Officials at the US Centers for Disease Control and Prevention (CDC) recommend all Baby Boomers – people born between 1945 and 1965 – to undergo a basic screening for the hepatitis C virus (HCV).
While the federal agency does not encourage panic, experts say that the test should not be put off for years. It is recommended that people born within this interval get tested as soon as possible, they add.
There are many things that can characterize this generation, from musical and sexual liberation to heavy drug use, but unfortunately, the incidence of HCV is also one of its defining features.
According to a new CDC report, more than 75 percent of HCV infections in the United States (between 2.7 and 3.9 million cases) affect Baby Boomers. The incidence of the often-fatal disease in this subgroup of the general population is 3.25 percent.
This rate is 500 percent higher than that affecting people born either before 1945, or after 1965. It's also important to note here that males are about 200 percent more likely to be infected than females.
Black Baby Boomer men exhibit the highest incidence of HCV, at around 8.12 percent, followed by Whites, at 4.05 percent and Mexican-Americans, at 3.41 percent. The tests are all the more important since not much is known about this virus. Its routes of transmission are still a mystery, for example.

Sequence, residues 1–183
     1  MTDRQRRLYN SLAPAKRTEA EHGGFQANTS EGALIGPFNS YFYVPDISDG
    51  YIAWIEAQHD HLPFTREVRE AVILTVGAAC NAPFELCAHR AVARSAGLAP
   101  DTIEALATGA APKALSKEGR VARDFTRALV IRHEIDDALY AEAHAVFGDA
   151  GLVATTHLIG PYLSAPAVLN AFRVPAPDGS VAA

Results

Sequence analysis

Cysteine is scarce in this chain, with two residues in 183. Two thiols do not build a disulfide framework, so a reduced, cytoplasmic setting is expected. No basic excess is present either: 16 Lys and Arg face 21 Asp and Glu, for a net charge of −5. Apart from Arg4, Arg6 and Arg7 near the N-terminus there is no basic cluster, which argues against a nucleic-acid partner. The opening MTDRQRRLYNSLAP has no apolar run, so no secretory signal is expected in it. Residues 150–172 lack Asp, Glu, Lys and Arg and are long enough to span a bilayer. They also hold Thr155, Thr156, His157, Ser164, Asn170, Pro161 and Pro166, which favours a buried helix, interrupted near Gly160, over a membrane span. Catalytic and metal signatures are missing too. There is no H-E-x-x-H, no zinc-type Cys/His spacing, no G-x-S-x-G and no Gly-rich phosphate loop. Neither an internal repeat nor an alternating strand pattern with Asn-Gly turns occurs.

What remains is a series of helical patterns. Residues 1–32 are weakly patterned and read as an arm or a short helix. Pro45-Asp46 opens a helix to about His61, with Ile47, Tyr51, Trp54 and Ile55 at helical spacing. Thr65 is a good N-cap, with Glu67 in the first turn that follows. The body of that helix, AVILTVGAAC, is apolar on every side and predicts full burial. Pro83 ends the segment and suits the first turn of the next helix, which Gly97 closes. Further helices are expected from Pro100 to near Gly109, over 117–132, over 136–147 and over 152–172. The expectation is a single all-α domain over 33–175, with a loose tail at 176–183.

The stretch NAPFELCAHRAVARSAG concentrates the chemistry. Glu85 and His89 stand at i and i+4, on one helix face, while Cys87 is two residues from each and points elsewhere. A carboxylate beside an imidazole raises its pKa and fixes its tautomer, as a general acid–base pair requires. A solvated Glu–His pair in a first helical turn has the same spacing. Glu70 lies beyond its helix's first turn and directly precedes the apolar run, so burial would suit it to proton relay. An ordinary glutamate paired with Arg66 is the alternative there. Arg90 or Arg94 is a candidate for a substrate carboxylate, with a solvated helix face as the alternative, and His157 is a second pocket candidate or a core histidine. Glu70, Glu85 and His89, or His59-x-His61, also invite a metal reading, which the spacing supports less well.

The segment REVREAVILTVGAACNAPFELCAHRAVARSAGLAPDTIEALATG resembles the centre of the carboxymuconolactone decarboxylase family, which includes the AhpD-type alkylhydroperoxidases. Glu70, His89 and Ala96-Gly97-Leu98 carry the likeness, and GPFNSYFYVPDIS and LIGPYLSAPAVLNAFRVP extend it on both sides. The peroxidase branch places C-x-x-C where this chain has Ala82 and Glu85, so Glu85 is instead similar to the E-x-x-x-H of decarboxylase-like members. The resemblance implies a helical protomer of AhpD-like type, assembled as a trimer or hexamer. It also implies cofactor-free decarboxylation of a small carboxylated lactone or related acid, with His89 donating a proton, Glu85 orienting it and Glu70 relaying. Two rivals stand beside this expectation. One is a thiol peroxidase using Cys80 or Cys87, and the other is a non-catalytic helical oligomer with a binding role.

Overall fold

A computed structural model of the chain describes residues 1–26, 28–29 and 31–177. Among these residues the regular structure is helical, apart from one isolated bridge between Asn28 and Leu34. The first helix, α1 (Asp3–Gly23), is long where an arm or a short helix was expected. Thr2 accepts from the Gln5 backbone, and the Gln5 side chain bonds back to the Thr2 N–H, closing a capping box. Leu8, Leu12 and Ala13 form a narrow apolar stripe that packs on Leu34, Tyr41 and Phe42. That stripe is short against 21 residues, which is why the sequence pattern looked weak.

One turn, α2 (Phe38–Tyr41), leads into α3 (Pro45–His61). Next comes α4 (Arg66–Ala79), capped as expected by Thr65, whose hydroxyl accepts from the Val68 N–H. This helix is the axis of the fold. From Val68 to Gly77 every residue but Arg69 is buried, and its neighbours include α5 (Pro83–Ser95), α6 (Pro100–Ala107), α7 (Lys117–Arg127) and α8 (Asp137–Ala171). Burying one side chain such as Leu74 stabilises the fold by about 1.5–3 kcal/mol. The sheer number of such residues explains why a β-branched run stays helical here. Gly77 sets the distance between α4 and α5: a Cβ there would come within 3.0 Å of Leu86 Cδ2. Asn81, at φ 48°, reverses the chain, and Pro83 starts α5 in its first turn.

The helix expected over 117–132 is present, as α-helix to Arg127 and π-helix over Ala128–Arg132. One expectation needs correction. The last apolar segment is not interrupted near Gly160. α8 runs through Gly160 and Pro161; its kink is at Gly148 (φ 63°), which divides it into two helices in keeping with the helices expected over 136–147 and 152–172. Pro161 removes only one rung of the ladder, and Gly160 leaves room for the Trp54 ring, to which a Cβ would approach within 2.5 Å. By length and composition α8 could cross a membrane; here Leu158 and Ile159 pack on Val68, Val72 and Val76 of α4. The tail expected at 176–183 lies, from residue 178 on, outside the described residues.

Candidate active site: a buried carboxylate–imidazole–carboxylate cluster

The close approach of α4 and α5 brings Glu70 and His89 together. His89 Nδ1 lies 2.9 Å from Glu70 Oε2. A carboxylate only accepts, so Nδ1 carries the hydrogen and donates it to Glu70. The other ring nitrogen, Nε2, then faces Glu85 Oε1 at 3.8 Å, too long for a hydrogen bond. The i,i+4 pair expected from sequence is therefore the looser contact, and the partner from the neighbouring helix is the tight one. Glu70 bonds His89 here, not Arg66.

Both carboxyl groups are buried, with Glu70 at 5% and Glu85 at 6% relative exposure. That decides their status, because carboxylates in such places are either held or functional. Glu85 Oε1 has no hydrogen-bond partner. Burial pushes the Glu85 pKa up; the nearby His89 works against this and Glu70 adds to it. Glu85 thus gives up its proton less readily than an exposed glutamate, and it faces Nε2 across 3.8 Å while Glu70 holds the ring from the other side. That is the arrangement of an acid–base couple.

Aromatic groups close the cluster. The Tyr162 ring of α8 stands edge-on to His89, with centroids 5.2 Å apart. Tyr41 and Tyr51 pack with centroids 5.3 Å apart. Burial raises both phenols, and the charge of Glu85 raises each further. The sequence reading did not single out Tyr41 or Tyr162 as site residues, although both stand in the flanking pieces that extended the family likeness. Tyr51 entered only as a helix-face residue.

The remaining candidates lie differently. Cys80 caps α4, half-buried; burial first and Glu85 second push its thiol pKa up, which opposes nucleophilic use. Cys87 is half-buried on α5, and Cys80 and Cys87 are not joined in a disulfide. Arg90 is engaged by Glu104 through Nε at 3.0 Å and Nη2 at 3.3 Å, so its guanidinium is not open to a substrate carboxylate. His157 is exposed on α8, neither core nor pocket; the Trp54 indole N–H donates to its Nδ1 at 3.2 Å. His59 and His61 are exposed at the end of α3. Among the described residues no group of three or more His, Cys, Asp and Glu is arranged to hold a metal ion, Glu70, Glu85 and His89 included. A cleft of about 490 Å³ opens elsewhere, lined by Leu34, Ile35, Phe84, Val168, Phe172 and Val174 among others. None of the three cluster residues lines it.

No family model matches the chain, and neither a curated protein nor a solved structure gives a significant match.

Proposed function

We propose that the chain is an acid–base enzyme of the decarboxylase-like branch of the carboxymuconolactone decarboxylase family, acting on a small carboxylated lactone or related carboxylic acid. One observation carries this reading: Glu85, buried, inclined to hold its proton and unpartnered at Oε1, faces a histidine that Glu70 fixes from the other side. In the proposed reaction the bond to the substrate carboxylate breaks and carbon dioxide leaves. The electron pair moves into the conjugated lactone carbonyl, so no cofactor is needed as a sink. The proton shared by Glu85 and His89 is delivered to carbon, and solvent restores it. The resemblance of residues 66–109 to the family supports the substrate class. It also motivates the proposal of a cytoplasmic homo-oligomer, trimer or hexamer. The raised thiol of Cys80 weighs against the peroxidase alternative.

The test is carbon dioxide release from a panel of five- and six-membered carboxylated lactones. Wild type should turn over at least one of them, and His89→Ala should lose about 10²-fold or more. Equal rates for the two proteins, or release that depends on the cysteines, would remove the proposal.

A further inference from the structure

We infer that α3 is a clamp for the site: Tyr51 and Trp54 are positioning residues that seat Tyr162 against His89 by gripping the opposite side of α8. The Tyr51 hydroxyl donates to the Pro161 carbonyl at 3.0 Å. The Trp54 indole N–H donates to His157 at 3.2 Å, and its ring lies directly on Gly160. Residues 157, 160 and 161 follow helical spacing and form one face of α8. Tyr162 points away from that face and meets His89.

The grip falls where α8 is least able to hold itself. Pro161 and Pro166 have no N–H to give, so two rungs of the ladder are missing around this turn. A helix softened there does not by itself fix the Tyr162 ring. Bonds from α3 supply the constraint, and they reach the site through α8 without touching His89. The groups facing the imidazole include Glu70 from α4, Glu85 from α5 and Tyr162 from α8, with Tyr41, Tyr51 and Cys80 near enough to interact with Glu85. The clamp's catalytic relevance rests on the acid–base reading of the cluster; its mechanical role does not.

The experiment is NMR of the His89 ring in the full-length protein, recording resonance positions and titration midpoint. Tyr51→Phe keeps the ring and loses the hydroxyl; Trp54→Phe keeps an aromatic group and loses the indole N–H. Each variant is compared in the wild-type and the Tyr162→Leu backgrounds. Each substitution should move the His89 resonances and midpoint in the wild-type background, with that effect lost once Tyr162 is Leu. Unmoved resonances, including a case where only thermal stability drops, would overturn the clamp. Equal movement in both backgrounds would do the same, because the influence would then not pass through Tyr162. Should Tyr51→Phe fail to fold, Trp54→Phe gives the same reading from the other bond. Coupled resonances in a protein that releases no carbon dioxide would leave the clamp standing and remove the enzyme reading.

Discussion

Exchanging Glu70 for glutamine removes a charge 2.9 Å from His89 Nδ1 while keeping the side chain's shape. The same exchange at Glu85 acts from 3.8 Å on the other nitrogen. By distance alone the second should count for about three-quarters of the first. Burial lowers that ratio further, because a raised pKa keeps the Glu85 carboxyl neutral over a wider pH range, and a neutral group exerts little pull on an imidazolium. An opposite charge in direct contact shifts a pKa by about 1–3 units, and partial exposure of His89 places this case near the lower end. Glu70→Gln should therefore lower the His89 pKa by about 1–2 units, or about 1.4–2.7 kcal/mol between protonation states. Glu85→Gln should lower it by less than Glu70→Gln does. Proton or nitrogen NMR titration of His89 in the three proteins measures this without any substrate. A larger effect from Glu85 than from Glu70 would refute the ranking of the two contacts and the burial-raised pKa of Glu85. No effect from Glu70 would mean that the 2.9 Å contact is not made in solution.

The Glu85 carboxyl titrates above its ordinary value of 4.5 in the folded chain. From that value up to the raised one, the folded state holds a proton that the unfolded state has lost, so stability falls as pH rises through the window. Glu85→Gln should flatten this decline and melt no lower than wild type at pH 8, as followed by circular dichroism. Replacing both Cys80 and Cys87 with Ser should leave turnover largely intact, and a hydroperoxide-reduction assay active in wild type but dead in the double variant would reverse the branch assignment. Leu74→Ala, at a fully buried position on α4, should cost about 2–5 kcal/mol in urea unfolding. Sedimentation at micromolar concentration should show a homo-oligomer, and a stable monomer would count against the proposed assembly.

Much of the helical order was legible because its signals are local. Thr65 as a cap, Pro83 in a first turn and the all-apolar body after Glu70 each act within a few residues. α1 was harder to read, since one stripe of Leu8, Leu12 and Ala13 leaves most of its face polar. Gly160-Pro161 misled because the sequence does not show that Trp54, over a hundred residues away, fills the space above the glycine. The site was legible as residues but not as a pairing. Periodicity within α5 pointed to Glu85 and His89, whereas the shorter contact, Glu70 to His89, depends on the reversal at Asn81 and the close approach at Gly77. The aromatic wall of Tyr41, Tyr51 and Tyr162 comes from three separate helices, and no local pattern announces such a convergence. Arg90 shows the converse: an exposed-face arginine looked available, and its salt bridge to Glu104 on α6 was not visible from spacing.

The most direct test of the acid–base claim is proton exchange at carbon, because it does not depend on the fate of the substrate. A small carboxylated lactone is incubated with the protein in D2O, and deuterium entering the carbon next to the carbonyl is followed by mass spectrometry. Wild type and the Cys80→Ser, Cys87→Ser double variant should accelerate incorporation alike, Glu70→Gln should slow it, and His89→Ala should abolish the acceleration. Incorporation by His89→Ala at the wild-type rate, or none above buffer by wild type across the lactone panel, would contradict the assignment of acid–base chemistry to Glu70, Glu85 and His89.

“We don't think every [baby boomer] needs to run out and see their primary care provider and get tested immediately, but they shouldn't put this off for years either. The sooner it can happen, the more lives we’ll be able to save,” expert Bryce Smith explains.
The CDC investigator holds an appointment as a social scientist at the CDC. He is also the lead author of the new recommendations, which were published in the Morbidity and Mortality Weekly Report.
The tests are also important because HCV can be better treated if discovered early. There is currently no vaccine against this virus. Modern antivirals are more effective at dealing with the pathogen than previous generations, but they cannot guarantee survival, Science Insider
“People just don’t know the various ways they might be able to acquire hepatitis C, and that's really the point of just testing everyone in that [baby boomer] birth cohort. It's worth acknowledging that all of these exposures happened in the '70s and '80s, and memories may not be that good,” Smith concludes.